Almesse

Alm´esse


n.1.See Alms.
Webster's Revised Unabridged Dictionary, published 1913 by G. & C. Merriam Co.
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Out there in the damp grass a greeting from the Middle Ages slides past: Helix pomatia, the subtly glistening gray-yellow snail with its house askew, introduced by monks who loved escargots--yes , the Franciscans were here, broke stone and burned lime, the island was theirs in 1288, a gift from King Magnus ("Thes almesse and othere suche / thei meeten him nu in hevenriche") the forest fell, the kilns burned, the lime was sailed in to build the monastery ...
And if it pleasid you to purvey for hym pat he myght be in sum gode seruyce ye myght do gret almesse vp-on hym.
Hir hand, ministre of fredam for almesse.' (The Man of Law's Tale 148-168)
In line 168 of this tale, the charity of Custance, daughter of a Christian Roman Emperor, is characterized in this manner: Her hond, ministre of fredam for almesse (00ML, II ([B.sup.1]) 168).
MED also provides a definition that suggests that the term almesse, standing alone, can refer to tenure in frankalmoign: 'Perpetual tenure (subject only to the jurisdiction of the church and free from any secular service)'.
Thus, the phrase, ministre of fredam for almesse, can, with the corroboration of MED, be interpreted as referring to someone who conveys gifts of land in frankalmoign, or 'free alms'.
An overt reference to a gift of land in free alms (a reference cited in MED under the 'frankalmoign' definition for almesse) occurs in Gower's Confessio Amantis:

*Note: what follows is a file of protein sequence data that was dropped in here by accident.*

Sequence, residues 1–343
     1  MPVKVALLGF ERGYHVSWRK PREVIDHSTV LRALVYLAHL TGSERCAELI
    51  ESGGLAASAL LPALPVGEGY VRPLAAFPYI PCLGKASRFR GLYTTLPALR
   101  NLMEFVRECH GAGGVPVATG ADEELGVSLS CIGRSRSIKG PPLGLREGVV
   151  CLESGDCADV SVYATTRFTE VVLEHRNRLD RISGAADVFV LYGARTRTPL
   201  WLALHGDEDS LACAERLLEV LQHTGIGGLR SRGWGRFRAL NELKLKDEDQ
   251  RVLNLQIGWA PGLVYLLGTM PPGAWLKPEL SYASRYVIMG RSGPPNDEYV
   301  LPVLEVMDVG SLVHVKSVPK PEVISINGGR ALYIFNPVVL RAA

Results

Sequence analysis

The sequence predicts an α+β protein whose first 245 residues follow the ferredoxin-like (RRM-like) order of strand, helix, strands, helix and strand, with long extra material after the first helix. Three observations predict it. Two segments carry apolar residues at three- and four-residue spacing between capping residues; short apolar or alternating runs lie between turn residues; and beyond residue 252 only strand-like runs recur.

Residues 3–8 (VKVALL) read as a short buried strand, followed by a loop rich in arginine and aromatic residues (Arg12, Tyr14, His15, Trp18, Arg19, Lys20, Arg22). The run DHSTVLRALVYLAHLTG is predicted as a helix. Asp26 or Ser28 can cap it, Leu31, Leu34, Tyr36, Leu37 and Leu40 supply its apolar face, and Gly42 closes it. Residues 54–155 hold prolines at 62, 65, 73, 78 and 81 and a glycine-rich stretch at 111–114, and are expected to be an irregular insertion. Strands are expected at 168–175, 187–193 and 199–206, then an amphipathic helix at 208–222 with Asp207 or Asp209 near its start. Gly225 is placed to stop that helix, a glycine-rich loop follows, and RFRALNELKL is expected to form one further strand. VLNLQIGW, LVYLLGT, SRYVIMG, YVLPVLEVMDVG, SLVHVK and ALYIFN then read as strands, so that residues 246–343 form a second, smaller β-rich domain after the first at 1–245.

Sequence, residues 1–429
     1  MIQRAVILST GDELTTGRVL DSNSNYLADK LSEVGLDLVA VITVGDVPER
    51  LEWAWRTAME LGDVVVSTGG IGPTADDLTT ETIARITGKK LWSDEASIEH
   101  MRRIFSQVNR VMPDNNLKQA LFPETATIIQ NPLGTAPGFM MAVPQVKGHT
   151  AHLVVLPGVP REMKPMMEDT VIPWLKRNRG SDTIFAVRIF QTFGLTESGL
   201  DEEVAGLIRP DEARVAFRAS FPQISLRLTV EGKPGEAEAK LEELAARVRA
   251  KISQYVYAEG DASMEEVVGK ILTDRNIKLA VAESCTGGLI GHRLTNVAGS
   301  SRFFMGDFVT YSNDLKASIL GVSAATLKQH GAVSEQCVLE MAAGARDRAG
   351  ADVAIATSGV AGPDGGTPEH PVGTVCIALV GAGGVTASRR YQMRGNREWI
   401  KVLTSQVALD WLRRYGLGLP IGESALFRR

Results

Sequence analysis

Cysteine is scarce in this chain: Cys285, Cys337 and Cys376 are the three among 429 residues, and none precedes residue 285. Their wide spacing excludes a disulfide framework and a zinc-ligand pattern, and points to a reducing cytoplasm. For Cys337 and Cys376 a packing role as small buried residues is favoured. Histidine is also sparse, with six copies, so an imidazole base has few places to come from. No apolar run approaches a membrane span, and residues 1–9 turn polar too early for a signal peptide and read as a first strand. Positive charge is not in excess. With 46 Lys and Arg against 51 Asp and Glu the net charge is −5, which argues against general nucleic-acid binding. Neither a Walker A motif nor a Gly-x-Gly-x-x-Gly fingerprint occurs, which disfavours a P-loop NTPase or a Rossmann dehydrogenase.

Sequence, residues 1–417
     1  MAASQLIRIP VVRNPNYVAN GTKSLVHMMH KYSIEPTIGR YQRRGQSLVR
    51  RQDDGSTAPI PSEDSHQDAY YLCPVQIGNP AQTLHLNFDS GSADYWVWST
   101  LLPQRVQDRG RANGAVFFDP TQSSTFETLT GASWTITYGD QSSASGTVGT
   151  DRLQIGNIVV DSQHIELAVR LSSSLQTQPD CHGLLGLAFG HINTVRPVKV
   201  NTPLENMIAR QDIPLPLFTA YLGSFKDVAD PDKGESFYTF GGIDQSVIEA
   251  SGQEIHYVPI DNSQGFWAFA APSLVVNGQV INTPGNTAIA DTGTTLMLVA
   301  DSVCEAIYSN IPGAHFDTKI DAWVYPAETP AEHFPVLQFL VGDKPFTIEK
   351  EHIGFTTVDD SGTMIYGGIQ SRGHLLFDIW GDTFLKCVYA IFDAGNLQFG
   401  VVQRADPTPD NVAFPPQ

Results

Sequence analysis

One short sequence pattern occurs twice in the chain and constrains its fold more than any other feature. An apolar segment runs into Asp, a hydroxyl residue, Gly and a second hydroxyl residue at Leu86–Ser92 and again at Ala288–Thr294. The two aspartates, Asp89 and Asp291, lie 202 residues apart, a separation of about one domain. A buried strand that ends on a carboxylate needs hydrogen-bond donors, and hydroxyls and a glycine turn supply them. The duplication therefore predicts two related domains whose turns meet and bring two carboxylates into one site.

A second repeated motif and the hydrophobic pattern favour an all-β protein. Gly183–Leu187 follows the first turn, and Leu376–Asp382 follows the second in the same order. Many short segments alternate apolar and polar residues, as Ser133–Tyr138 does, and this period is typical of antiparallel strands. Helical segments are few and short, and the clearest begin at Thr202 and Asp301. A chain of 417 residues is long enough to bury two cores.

the fals Emperour Leo With Constaintin his Sone also The patrimoine and the richesse, Which to Silvestre in pure almesse The ferste Constantinus lefte, Fro holy cherche thei berefte.
In the above passage, an emperor, the first Constantine, is said to have made the grant of land in frankalmoign to Silvester, and the adjective applied to almesse is pure, meaning 'exempt from secular service'.
In one of his ironic per antiphrasim poems, Ryght as a Rammes Home, Lydgate writes that Pore folke pleyne hem for no nede,-- These riche men dothe so grete almesse! Plente eke dothe the hungry fede, Clothe the naked & his wrecchednesse; And Charite is now a chief maistres; ...
The more satiric Langland and Chaucer had both paired charity with avarice and wealth, with Langland's Will, arguing that the rich should have "beggeres bifore hem" (13.440), and Chaucer's Parson discussing "general almesses or werkes of charitee of hem that han temporeel richesses" (10.1032).While Langland ultimately has reservations about whether material charity can make up for the sins of the material economy, though, the fifteenth-century tradition drew a much closer connection between the merchant estate and material charity.